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Arthropod Cell Cultures and Their Application to the Study of Viruses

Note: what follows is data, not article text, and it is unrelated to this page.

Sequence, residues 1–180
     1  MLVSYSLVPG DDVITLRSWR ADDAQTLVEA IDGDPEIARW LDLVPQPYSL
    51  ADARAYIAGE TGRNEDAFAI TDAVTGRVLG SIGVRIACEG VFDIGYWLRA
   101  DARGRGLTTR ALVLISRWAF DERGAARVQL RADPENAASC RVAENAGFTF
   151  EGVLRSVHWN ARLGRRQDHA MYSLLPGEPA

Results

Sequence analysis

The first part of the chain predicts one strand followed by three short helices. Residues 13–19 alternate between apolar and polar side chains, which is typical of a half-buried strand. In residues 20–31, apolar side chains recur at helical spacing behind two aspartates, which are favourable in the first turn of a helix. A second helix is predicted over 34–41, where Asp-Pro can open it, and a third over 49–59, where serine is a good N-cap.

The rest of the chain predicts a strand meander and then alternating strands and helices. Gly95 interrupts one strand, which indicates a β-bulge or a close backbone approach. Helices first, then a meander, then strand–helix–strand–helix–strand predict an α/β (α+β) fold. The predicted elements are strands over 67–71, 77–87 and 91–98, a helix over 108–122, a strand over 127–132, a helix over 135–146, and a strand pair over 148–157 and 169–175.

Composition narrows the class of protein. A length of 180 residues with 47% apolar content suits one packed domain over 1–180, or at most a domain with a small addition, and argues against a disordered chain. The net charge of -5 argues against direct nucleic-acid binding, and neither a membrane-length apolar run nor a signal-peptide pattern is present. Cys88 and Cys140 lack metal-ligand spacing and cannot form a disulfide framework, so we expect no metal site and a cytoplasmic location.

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To lose is human, to win is fortune, but to try is our destiny. EARL C. SUITOR, JR. The idea of a Symposium on "Arthropod Cell Cultures" started in July of 1969 shortly after the untimely death of our colleague, EARL C. SUITOR, JR. , at the age of 38. At first we thought an afternoon or evening session would be sufficient, but we were soon convinced that the scope of the Symposium should be greatly enlarged. Interest in this topic was increasing at an astonishing rate. Since EARL SUITOR had made a distinct imprint in this new field, many scientists who knew him well or just casually wished to honor him in this manner. EARL SUITOR was born and raised in New England and received a B. S. degree in bacteriology from the University of Massachusetts in 1952. As a spirited young man, he enlisted in the U. S. Navy to see the world. Instead, he was assigned for most of his four-year "hitch" to the Naval Medical Research Institute. I met him there in 1954, an enthusiastic and imaginative young fellow with many interests, an avid reader of the classics, an occasional writer of poetry, who blended his interest in scientific literature with that of Science Fiction. In 1956, EARL left the Navy to attend George Washington University, where he earned an M. S. degree in 1958 and a Ph. D. degree in 1963.